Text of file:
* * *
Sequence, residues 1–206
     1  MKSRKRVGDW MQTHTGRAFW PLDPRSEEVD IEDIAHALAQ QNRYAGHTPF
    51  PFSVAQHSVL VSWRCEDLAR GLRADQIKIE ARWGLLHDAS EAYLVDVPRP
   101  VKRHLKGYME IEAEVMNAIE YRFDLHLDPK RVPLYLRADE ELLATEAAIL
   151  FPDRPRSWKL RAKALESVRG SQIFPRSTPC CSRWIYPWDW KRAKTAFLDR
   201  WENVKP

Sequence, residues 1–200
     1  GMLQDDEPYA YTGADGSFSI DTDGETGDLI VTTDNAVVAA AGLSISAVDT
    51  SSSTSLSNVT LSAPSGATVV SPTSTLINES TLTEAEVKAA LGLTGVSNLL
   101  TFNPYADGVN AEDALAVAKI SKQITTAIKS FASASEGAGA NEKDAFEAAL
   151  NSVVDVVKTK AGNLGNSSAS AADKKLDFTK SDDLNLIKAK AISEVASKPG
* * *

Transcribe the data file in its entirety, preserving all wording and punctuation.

Sequence, residues 1–206
     1  MKSRKRVGDW MQTHTGRAFW PLDPRSEEVD IEDIAHALAQ QNRYAGHTPF
    51  PFSVAQHSVL VSWRCEDLAR GLRADQIKIE ARWGLLHDAS EAYLVDVPRP
   101  VKRHLKGYME IEAEVMNAIE YRFDLHLDPK RVPLYLRADE ELLATEAAIL
   151  FPDRPRSWKL RAKALESVRG SQIFPRSTPC CSRWIYPWDW KRAKTAFLDR
   201  WENVKP

Sequence, residues 1–200
     1  GMLQDDEPYA YTGADGSFSI DTDGETGDLI VTTDNAVVAA AGLSISAVDT
    51  SSSTSLSNVT LSAPSGATVV SPTSTLINES TLTEAEVKAA LGLTGVSNLL
   101  TFNPYADGVN AEDALAVAKI SKQITTAIKS FASASEGAGA NEKDAFEAAL
   151  NSVVDVVKTK AGNLGNSSAS AADKKLDFTK SDDLNLIKAK AISEVASKPG